but, as said before, i'm  hesitating to do this because the directory will either be an "annoying one", or a self chosen where are only the track data, which is not very nice either. And duplicate data!

But thanks for the tip above... it can maybe be usefull... is it also possible to write things that way? (without having JWS replacing the jar each time?)
Offline blahblahblahh

JGO Coder


Medals: 1


http://t-machine.org


« Reply #8 - Posted 2004-08-08 11:43:39 »

For the specific problem of downloadable maps etc, I would suggest the webstart muffins, recently demonstrated by Onyx. For a webstart game you REALLY shouldn't be downloading big chunks of stuff onto a random place on the hard disk.

malloc will be first against the wall when the revolution comes...
Offline misterX

Junior Member




java forever!


« Reply #9 - Posted 2004-08-08 13:14:10 »

1. why?
2. who said they were big?
3. what have muffins to do with a file system? You won't be able to do what was explained just before!
Games published by our own members! Check 'em out!
Legends of Yore - The Casual Retro Roguelike
Offline pepe

Junior Member




Nothing unreal exists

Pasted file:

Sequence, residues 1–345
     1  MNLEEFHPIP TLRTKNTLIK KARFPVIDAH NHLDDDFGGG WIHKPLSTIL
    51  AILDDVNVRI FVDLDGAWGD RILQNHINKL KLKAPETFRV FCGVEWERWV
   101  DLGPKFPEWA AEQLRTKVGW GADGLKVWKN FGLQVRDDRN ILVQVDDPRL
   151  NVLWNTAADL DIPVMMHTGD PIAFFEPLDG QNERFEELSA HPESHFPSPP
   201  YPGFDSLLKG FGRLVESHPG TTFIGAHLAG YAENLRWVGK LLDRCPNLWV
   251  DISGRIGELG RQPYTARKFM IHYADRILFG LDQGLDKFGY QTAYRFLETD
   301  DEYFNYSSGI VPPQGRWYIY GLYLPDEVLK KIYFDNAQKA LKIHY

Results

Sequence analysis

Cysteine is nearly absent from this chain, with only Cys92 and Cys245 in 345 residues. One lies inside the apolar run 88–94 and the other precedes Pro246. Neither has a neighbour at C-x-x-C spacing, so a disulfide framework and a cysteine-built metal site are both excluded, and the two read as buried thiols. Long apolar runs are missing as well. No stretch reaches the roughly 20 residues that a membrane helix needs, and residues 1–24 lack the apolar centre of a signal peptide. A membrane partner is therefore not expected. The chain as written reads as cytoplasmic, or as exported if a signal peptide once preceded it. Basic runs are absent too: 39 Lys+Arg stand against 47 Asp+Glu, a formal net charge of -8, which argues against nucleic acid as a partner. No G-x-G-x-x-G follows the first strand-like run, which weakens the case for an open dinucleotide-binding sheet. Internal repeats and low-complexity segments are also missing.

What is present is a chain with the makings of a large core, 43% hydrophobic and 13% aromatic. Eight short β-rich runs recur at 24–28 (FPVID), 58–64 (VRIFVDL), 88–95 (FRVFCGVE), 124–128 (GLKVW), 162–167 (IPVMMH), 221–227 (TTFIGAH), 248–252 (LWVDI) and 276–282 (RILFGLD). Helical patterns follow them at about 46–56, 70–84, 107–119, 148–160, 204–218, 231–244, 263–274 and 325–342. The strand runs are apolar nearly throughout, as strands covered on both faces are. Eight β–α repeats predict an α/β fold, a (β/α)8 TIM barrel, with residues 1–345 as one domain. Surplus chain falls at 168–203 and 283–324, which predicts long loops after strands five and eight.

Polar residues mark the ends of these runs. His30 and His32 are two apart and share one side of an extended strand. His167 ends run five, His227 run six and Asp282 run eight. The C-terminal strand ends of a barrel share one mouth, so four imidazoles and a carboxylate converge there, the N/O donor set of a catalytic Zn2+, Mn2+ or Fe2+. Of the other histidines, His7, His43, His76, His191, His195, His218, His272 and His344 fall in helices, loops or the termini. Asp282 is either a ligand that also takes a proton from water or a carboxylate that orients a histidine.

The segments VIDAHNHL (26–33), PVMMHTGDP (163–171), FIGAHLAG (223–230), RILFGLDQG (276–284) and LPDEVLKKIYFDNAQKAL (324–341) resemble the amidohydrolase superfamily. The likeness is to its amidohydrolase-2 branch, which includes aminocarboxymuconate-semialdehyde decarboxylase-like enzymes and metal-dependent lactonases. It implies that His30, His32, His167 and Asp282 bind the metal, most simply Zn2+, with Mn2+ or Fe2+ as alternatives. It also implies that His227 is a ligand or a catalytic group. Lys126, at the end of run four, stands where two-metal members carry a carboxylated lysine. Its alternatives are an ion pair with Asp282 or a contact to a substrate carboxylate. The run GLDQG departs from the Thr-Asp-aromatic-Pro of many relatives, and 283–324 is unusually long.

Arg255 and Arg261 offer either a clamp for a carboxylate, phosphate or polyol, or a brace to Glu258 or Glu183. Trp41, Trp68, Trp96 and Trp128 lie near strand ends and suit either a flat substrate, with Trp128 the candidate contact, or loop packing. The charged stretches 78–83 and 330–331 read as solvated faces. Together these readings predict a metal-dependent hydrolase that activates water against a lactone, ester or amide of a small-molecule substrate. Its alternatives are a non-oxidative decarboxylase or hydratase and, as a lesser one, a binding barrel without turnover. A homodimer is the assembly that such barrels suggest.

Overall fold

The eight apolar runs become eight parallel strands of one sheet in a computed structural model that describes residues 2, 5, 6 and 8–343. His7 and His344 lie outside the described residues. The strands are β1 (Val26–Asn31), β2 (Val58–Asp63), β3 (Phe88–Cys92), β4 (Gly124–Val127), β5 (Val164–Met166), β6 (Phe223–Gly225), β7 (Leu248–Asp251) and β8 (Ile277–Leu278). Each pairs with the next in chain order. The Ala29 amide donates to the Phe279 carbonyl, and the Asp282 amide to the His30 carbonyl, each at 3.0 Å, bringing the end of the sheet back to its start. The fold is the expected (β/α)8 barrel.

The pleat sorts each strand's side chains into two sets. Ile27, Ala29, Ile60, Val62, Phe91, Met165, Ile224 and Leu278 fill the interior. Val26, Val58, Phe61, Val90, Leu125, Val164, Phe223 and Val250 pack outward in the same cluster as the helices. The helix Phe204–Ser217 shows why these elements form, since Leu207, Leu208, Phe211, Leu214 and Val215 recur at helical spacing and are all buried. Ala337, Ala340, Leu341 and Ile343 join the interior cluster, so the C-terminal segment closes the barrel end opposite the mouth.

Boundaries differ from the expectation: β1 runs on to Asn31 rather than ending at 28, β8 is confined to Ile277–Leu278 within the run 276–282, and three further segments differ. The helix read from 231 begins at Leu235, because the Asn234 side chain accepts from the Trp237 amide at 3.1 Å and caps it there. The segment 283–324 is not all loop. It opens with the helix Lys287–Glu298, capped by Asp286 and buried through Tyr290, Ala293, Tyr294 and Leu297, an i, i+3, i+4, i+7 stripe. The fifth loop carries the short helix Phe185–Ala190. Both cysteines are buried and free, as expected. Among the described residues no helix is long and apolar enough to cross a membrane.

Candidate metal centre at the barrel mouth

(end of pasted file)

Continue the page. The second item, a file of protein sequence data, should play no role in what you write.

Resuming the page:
« Reply #10 - Posted 2004-08-08 14:06:36 »

MisterX: Since you are willing to use Webstart, i think you might better have a look at what it proposes.
Look there:
http://java.sun.com/j2se/1.5.0/docs/guide/javaws/jnlp/javax/jnlp/package-tree.html
where you'll even find classes that will give secure access to any file you might create on client , without any hassle of user directory.
That page should provide any info and classes you will need.

Home page: http://frederic.barachant.com
------------------------------------------------------
GoSub: java2D gamechmark http://frederic.barachant.com/GoSub/GoSub.jnlp
Offline kevglass

JGO Kernel


Medals: 85
Projects: 25


Coder, Trainee Pixel Artist, Game Reviewer


« Reply #11 - Posted 2004-08-08 14:29:20 »

The problem with FileContents and the PersistanceService is you have no idea when the actual files end up tho.

Kev

Offline blahblahblahh

JGO Coder


Medals: 1


http://t-machine.org


« Reply #12 - Posted 2004-08-08 15:06:01 »

Quote
1. why?

Because webstart apps shouldn't be installing random crap on people's computers in places such that when the app is removed the crap remains behind.

Quote

2. who said they were big?


You talked about maps. Maps are almost never small. Small is hundreds of bytes. Maps often come with extra resources (art, sound effects), often making them big.